Key­stone hear­ings dish dirt

Calgary Sun - - NEWS - — Post­media Net­work

LIn­COLn, neb. — Hear­ings for tran­sCanada Corp.’s us$8-bil­lion Key­stone XL pro­posal in ne­braska fo­cused on gran­u­lar de­tails of the project tues­day, specif­i­cally the al­berta-to-texas pipe­line’s im­pact on the dirt and soil in the state.

Lawyers for landown­ers op­posed to the project grilled tran­sCanada ex­perts on whether Key­stone XL would per­ma­nently af­fect the soil in ne­braska and whether it would af­fect the yield of crops such as corn.

ap­prox­i­mately 50 landown­ers at­tend­ing the ne­braska Public ser­vice Com­mis­sion hear­ings au­di­bly groaned at one point when tran­sCanada soils ex­pert John Beaver said the re­spon­si­bil­ity for the line would re­vert to the landown­ers at the end of the project’s com­mer­cial life af­ter 50 years of op­er­a­tions.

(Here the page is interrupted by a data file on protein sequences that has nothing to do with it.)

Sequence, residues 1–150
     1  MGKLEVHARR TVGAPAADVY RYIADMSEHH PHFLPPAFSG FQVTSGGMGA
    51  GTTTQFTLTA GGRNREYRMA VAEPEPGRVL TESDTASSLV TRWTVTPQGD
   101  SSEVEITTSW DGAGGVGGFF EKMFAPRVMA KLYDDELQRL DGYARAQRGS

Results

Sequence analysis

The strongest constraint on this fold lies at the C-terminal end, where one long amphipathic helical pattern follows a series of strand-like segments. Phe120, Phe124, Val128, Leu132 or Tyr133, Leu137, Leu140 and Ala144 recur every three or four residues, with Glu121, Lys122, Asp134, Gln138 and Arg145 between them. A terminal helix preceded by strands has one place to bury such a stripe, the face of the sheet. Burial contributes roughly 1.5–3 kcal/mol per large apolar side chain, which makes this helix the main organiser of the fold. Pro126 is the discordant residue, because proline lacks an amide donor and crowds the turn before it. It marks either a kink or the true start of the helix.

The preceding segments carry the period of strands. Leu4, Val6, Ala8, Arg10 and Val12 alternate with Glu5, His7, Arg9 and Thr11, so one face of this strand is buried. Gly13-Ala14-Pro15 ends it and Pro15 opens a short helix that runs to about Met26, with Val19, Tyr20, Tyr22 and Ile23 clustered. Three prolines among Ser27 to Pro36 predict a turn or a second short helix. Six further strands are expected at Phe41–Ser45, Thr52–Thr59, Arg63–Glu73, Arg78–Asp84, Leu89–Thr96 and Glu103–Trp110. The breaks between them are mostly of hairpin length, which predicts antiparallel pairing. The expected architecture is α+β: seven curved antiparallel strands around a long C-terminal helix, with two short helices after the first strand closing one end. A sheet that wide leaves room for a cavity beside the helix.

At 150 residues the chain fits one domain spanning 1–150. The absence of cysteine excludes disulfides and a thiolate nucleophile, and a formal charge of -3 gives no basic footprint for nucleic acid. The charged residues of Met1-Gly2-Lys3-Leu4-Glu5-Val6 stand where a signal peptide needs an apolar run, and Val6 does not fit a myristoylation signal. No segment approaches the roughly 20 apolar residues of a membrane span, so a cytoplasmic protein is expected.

“I be­lieve it re­verts to the landowner,” Beaver said.

If the com­mis­sion rec­om­mends Key­stone XL is in the public in­ter­est of the state by the end of novem­ber, con­struc­tion could be­gin in 2018, wrap up two years later, and de­liver 830,000 bar­rels of oil per day be­tween al­berta and u.s. gulf Coast re­finer­ies for half a cen­tury.

a con­tentious is­sue in ne­braska is whether Key­stone XL will im­pact the state’s sand Hills.

earl Miller, who owns land in Holt County where he grows hay and raises cat­tle, said his land con­sists of “very por­ous sand.” the is­sue with the soil, Miller said, is it’s so por­ous that oil spilled in the area can seep down deeper than ex­pected into the ground.

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